Scripture speaks quite straightforwardly about sexuality. Sometimes, because we are still somewhat influenced by the Puritans, Scripture speaks more straightforwardly about sexuality than we’d like to admit. But, Scripture’s straightforward attitude toward sexuality informs us that: (a) It is God who created sex; (b) There is nothing sinful about sex; and (c) We need not be ashamed of our sexual appetites. Those points are important to remember this morning as we explore what Jesus teaches about lust.

The Trash’s Stare, vv 27-28

“You have heard that it was said, ‘You shall not commit adultery.’ But I say to you that everyone who looks at a woman with lustful intent has already committed adultery with her in his heart.”

The Jews of Jesus’ day had heard that God had said, “You shall not commit adultery.” Indeed, God had spoken those words through Moses. “You shall not commit adultery” (Ex 20:14). “If a man commits adultery with the wife of his neighbor, both the adulterer and the adulteress shall surely be put to death. If a man lies with his father’s wife, he has uncovered his father’s nakedness; both of them shall surely be put to death; their blood is upon them. If a man lies with his daughter-in-law, both of them shall surely be put to death; they have committed perversion; their blood is upon them” (Lev 20:10-12).

In fact, God even condemned lusting in the Old Testament. “You shall not covet your neighbor’s house; you shall not covet your neighbor’s wife, or his male servant, or his female servant, or his ox, or his donkey, or anything that is your neighbor’s” (Ex 20:17). The Hebrew term for “covet” means “to desire” or “to desire greatly.” The King James Version even translates the term “lust” on one occasion.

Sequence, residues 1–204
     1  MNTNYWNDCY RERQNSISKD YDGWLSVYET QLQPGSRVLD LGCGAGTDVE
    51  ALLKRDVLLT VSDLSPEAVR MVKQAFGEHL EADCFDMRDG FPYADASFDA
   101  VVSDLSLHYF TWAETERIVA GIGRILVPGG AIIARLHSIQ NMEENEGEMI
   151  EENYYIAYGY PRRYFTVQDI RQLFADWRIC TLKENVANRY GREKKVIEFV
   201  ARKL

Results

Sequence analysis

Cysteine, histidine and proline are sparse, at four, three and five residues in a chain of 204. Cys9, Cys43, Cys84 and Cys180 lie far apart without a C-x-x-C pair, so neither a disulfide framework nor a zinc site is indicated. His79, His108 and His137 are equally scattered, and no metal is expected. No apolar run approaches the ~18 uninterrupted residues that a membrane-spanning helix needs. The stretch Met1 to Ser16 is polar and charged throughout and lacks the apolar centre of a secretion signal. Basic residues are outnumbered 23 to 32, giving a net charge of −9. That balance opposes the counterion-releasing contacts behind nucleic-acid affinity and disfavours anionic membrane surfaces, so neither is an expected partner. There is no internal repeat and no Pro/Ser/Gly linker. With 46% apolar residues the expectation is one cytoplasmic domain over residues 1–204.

Yet, from the words of Jesus and from what we know of the scribes and Pharisees, it’s safe to believe that many had accepted the idea that they could push the envelope as far as they wanted as long as they didn’t have extra-marital intercourse. You, no doubt, recall that several years ago, Bill Clinton had an illicit affair, but he denied that he had sexual relations with Monica Lewinski. The President honestly believed that he had not been sexually involved with Lewinski, because he had “re-defined” sex. Such a redefinition salved his conscience and allowed him to give what he believed were truthful answers under oath. Apparently, the scribes and Pharisees had done something quite comparable-they could do this or that without it’s actually being adulterous.

But, Jesus, as he does throughout the Sermon on the Mount, raises the ante and says, “I say to you that everyone who looks at a woman with lustful intent has already committed adultery with her in his heart.” It’s remarkable that Jesus says, “Whoever looks at a woman.” In Jesus’ day, people considered women the guilty ones in regard to adultery. You recall that when some scribes and Pharisees wanted to trick Jesus, they brought a woman who had been caught in adultery. The people believed it was a seducing woman who led men astray; the men in this patriarchal society were far above lustful thoughts.